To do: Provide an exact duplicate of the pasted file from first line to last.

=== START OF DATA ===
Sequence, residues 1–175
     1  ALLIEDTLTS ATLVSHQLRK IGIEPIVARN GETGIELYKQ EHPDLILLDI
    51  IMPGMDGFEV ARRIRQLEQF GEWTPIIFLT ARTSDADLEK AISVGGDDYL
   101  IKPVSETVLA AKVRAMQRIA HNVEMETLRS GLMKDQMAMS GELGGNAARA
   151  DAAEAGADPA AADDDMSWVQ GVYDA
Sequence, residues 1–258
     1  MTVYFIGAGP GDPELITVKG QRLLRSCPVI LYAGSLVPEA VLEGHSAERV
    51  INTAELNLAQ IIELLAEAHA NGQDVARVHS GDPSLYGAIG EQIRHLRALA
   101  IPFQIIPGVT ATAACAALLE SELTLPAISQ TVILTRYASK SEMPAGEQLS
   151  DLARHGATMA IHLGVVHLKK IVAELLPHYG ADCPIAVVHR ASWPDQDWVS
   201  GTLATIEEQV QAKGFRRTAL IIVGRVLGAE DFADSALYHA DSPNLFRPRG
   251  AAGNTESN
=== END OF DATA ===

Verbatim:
Sequence, residues 1–175
     1  ALLIEDTLTS ATLVSHQLRK IGIEPIVARN GETGIELYKQ EHPDLILLDI
    51  IMPGMDGFEV ARRIRQLEQF GEWTPIIFLT ARTSDADLEK AISVGGDDYL
   101  IKPVSETVLA AKVRAMQRIA HNVEMETLRS GLMKDQMAMS GELGGNAARA
   151  DAAEAGADPA AADDDMSWVQ GVYDA
Sequence, residues 1–258
     1  MTVYFIGAGP GDPELITVKG QRLLRSCPVI LYAGSLVPEA VLEGHSAERV
    51  INTAELNLAQ IIELLAEAHA NGQDVARVHS GDPSLYGAIG EQIRHLRALA
   101  IPFQIIPGVT ATAACAALLE SELTLPAISQ TVILTRYASK SEMPAGEQLS
   151  DLARHGATMA IHLGVVHLKK IVAELLPHYG ADCPIAVVHR ASWPDQDWVS
   201  GTLATIEEQV QAKGFRRTAL IIVGRVLGAE DFADSALYHA DSPNLFRPRG
   251  AAGNTESN